DALLAS — What you need to know about Dennis Blackstone is that family is his constant. It started at birth, with his twin brother Doug. Both boys were adopted at 3 years old by a family in Corsicana. They grew up knowing they had a biological sister, but knew nothing else about her.

Dennis would finally meet her 70 years later, outside of a restaurant. Our cameras were rolling when Connie Rusk came running toward him. 

What happened next was a flurry of tears, hugs, and introductions. By finding his sister, Blackstone also gained two half-sisters — instant aunts to his sons. There were cousins and nieces who were all strangers minutes before, but who’d always held a space in each other’s hearts.

It was modern technology that made their meeting possible. Last year, Blackstone received a DNA kit from 23andMe, and sent it into the company. This month, he received an email alerting him to a fairly strong match in DNA. That led him to a cousin, and ultimately Rusk’s number. Last week, he sent a text.

"I said, 'I was told I have a sister named Connie, and I’m just curious and wanted to know, does this happen to be you?'" he said.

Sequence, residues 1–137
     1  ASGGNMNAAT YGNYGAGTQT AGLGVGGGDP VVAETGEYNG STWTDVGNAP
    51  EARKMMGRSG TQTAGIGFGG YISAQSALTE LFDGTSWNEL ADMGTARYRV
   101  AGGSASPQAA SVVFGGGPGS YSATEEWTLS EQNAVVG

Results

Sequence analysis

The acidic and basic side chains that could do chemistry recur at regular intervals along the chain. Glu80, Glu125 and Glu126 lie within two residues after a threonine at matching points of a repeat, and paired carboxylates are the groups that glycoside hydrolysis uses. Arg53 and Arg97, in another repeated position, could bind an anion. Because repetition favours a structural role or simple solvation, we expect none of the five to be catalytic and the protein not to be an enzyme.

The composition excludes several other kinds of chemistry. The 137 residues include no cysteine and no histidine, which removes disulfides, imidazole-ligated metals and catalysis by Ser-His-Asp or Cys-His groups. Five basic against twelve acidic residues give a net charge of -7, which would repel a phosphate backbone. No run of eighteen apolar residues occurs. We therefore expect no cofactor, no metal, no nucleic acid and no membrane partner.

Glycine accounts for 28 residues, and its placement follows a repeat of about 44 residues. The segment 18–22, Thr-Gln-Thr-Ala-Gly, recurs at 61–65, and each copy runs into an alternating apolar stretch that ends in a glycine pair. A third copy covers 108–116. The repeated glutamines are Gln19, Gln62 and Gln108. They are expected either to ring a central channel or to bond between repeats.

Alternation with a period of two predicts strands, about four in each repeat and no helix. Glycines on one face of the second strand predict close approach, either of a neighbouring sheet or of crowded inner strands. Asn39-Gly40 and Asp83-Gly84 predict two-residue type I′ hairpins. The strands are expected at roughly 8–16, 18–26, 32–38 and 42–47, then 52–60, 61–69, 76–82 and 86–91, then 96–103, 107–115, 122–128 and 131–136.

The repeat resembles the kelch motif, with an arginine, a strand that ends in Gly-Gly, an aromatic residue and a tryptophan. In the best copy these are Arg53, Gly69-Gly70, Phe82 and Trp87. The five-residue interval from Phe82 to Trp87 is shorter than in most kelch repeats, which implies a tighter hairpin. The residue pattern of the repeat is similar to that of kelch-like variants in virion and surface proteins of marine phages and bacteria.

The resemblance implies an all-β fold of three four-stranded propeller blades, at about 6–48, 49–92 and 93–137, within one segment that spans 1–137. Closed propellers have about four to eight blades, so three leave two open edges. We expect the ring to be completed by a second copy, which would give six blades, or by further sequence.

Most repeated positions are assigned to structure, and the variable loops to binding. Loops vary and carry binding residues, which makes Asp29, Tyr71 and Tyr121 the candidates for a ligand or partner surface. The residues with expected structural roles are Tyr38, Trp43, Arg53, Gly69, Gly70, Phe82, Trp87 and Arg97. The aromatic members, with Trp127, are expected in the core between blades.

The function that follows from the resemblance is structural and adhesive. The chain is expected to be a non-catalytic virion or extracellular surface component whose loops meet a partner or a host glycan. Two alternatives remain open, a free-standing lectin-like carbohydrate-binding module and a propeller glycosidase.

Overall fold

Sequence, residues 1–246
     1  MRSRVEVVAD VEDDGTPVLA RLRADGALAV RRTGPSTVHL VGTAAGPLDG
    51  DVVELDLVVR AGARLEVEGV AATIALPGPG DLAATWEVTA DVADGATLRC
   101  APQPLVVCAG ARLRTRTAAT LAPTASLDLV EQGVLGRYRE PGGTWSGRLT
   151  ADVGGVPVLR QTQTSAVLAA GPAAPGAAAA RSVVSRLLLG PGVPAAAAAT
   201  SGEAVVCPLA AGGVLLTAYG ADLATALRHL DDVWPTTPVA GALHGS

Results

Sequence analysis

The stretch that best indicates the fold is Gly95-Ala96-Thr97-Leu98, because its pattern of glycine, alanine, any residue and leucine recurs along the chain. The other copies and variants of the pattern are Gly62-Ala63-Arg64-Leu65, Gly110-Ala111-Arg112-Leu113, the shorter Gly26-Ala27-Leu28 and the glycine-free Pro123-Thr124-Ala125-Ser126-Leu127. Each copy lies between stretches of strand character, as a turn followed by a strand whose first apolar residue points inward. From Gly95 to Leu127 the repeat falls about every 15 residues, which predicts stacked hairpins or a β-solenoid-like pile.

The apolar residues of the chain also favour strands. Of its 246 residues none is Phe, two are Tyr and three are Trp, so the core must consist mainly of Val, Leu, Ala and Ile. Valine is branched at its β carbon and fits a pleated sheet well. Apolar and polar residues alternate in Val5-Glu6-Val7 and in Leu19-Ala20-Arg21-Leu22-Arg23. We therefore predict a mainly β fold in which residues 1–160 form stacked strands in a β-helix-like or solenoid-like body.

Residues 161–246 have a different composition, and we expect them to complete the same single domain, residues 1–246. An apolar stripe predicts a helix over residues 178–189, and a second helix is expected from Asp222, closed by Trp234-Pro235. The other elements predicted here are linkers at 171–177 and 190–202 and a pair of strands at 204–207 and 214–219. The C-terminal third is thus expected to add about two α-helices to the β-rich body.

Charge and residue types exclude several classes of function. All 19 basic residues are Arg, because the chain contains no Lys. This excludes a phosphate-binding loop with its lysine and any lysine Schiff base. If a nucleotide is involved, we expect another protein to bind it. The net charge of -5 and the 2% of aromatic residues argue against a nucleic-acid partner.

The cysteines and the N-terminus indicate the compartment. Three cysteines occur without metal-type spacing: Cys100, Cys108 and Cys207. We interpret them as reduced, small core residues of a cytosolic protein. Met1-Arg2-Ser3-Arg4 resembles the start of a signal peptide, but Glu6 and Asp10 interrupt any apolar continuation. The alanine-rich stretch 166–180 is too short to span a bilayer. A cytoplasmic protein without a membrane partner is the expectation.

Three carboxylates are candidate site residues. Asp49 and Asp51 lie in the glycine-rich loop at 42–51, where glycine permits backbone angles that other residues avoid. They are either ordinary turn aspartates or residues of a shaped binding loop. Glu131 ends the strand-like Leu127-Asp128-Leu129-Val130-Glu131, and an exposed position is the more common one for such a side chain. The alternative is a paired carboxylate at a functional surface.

"I was driving, and when that text came through, I slammed on my breaks and I had to pull over to the side of the road," Rusk said. 

Turns out, Rusk had looked for him just as long. Name changes and other issues led her and her half-sisters to dead ends, but they often spoke of the boys. 

They also learned that they'd been just miles apart all these years. Dennis lives in Arlington and Connie lives in Little Elm. 

After their warm greeting, the siblings settled into a booth at a restaurant together, armed with photos from their own family histories.  

In their years apart, they lost their biological mother and Dennis' twin, Doug. But it brought them joy to think how happy those two must be to see these four together now.

"It is just a flat miracle," said Rusk. "That’s all this is, it’s a miracle!"